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Former engineer officer Dick Welsh is well known in the industry as the head of the Isle of Man Ship Registry. Now embarking on retirement, he looks back with pride at his two-and-a-half decades with the Red Ensign Group flag
At the end of 1994, I joined a very small team at the Isle of Man Marine Administration as a surveyor. The fleet was less than 150 ships with NW European (mainly UK) operators, and a total tonnage which was barely noticeable in world terms. Having come from the busy world of Lloyd’s Register in the early days of Chinese shipbuilding, this was a dream job which landed me back in the Isle of Man.
Being able to make a difference right from day one is very empowering, and this is something that I have been keen to instil in every new team member. We now have an outstanding team of professionals who all go the extra mile to make the Ship Registry a special place to work, providing the very best in service to our clients. We serve a client base which is now truly global, attracted by our client-focused approach and high regulatory standards. It is this combination which has earned us our reputation as a leading ship register.
Taking over as director in 2006 was a fantastic opportunity for me. I could see where we could take the register, and had the full backing of the team and government to take us to the next level.
At the heart of those changes was to develop a digital operating system which would be at the heart of everything we do. I wanted it to have a personality, and lo and behold MAVIS (Marine Administration Vessel Information System) was born. She is still the single most important element in the Ship Registry, controlling the workflow, management information and reporting, as well as providing perfect consistency and one single point of entry for all ship’s data. She eradicated all errors and has made massive efficiency gains across the organisation. All hail MAVIS!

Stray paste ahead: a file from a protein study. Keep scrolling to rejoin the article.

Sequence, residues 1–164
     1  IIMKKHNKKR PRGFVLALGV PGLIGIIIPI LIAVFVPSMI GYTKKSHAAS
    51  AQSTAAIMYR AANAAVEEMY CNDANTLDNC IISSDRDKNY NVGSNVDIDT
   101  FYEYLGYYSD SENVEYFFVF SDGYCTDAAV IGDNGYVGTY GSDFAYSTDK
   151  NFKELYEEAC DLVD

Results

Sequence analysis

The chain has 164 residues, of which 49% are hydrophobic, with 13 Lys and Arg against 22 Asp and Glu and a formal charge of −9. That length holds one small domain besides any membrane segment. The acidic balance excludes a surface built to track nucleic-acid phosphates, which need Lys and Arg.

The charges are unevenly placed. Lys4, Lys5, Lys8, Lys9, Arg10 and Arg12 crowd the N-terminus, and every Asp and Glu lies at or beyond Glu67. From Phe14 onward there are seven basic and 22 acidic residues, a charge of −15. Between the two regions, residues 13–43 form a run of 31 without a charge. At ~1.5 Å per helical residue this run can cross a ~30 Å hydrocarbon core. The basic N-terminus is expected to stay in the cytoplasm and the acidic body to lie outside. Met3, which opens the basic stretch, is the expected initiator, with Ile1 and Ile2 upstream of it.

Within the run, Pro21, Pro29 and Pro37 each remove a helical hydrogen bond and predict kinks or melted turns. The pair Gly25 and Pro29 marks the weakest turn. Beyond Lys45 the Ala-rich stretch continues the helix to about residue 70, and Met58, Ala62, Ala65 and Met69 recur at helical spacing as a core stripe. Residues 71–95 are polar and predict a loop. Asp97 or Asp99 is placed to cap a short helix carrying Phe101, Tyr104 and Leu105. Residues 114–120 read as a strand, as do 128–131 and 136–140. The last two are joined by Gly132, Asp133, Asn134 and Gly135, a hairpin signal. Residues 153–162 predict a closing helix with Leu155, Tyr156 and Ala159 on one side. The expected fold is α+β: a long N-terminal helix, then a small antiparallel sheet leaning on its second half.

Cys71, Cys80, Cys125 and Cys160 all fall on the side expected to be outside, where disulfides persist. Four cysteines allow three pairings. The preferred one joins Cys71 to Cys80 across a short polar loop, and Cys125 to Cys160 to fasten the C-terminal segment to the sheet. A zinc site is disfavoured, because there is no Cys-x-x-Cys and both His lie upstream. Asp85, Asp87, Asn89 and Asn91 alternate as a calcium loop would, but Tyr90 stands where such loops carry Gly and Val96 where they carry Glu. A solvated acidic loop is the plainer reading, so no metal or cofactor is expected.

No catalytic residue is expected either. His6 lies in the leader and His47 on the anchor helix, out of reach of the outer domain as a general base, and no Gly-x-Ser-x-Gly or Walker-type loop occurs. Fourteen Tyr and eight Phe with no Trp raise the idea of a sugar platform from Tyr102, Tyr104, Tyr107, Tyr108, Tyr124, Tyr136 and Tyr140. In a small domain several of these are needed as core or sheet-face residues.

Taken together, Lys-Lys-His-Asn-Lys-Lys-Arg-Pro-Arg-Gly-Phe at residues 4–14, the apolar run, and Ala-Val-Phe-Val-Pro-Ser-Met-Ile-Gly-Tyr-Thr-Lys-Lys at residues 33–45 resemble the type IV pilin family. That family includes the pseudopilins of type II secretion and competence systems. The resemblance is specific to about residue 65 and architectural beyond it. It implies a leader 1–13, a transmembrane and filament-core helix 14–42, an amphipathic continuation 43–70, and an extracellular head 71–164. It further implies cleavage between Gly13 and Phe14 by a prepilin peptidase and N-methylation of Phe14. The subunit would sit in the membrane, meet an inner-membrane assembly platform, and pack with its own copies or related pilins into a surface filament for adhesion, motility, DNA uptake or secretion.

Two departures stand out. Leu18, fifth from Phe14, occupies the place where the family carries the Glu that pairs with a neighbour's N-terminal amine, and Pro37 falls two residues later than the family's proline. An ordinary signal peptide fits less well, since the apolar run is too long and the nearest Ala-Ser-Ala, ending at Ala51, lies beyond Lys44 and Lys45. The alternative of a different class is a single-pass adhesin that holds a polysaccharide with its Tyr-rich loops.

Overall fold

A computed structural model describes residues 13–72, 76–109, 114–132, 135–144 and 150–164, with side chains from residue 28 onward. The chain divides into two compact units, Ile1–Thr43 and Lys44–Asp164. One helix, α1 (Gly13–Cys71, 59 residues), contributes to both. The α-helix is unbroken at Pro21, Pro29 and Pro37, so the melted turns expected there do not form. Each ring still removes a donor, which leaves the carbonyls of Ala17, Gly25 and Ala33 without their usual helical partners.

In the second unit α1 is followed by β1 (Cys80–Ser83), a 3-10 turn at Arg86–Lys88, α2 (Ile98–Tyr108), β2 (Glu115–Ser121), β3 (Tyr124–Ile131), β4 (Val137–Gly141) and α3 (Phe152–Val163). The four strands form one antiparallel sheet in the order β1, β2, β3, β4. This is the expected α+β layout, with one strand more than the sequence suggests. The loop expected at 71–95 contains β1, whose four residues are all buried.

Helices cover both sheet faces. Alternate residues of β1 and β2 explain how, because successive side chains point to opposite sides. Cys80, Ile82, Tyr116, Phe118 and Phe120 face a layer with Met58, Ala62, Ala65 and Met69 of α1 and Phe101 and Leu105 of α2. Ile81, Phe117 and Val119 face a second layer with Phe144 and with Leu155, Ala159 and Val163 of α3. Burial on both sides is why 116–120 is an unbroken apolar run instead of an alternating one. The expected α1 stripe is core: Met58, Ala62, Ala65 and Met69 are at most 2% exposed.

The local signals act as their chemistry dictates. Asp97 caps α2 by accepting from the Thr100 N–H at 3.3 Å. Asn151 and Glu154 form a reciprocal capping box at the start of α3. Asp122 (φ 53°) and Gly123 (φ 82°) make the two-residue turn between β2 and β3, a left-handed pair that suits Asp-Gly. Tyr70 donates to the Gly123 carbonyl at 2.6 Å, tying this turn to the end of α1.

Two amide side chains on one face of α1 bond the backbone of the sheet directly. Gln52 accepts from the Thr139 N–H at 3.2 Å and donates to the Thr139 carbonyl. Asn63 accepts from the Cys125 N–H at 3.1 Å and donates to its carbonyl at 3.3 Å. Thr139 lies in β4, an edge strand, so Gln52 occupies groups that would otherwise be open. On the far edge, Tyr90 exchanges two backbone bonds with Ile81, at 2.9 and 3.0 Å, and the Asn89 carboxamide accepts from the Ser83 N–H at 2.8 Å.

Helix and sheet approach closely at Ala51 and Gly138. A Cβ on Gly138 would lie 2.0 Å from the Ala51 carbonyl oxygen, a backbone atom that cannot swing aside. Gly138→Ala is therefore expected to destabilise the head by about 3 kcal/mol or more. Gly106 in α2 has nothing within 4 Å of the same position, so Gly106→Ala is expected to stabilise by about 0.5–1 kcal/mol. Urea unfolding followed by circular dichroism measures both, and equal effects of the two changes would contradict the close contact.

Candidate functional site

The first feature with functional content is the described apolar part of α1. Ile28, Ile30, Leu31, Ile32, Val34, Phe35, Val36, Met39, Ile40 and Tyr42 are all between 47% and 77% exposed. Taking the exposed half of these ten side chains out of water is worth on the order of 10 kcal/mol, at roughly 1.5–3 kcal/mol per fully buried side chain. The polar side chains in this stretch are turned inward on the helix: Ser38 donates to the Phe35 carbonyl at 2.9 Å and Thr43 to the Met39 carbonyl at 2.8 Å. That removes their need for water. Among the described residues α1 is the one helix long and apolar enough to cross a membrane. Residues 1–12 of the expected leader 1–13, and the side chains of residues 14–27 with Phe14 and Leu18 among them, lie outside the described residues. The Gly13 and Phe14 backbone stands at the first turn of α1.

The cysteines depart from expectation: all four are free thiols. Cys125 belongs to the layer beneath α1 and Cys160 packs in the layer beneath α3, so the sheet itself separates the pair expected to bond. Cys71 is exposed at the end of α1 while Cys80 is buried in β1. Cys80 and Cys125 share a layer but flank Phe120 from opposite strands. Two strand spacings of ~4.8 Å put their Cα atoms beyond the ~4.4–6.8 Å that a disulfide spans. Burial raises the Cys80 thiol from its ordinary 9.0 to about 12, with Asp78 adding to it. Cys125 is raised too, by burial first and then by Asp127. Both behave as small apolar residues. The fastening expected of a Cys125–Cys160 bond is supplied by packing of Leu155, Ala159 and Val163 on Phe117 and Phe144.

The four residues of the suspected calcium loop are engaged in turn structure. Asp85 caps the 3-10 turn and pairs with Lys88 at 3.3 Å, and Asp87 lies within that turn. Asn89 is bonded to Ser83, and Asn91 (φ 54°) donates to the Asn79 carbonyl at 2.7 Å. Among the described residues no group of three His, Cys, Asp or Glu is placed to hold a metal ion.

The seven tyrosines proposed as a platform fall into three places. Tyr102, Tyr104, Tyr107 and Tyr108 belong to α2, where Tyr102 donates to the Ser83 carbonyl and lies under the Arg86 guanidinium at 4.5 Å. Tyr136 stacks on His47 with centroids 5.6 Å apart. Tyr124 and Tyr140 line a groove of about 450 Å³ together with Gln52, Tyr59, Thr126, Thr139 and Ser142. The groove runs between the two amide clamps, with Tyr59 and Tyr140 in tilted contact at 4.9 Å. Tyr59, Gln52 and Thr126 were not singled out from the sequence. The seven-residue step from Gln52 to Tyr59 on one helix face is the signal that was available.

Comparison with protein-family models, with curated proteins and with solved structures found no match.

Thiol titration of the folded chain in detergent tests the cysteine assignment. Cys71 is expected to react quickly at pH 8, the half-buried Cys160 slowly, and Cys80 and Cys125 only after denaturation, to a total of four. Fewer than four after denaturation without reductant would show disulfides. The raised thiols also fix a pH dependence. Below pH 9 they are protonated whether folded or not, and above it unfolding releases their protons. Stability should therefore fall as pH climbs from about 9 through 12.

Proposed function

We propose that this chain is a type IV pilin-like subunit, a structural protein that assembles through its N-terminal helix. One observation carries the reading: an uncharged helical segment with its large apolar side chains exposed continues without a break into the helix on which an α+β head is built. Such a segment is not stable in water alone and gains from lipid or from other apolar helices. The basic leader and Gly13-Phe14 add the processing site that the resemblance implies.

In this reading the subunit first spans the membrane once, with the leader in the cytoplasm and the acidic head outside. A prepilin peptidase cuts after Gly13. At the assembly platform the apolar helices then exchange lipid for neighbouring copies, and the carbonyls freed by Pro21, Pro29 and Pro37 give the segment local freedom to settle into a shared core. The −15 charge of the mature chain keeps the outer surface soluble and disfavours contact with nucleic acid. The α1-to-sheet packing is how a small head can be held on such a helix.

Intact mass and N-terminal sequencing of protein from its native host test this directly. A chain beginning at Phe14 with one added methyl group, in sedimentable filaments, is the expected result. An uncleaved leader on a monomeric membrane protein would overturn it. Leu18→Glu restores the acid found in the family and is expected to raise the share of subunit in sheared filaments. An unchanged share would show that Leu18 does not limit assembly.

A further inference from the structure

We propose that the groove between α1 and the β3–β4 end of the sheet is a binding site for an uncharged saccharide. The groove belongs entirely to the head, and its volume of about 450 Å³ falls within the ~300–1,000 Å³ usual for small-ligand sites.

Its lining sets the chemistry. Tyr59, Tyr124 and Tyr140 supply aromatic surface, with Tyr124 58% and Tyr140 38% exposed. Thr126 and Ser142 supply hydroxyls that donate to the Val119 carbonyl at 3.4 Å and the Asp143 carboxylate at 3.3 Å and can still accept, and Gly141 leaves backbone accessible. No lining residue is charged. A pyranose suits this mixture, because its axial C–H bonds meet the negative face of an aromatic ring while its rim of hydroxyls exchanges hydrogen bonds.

People ask what I am most proud of. It is always to have played my part in the Ship Registry’s constant striving for improvement and new ways of working. Change is something we excel at. The team here not only manage and embrace change, but seek it out by suggesting improvements at all levels.
Looking back over my time here, the relationship with clients and the wider maritime ‘family’ has always been the most enjoyable part of the role, and the part I will probably miss the most. Pictures of me with glass in hand talking to groups at events around the world are not uncommon. Party animal or skilful networker? You decide. But as we know, this industry is all about relationships, and I will always believe that the evenings and the lunches are equally as important as the boardrooms, but much more entertaining.
Being able to make a difference right from day one is very empowering, and this is something that I have been keen to instil in every new team member
What will I do now? I will definitely buy a boat. And I will maintain it, paint it and polish it; but this time I may even get to use it.
So as I retire, and before I pick up my pipe and slippers, I can reflect on something of which I am immensely proud. One of the world’s best registers, run by a fantastic team of people, with a client portfolio which speaks for itself. I was fortunate enough to recruit my successor and I am happy to say that I now leave the register in the capable hands of Cameron Mitchell.
To all those who have been with me on this journey, be they clients or colleagues, I can only say a huge thank you – it’s been a blast.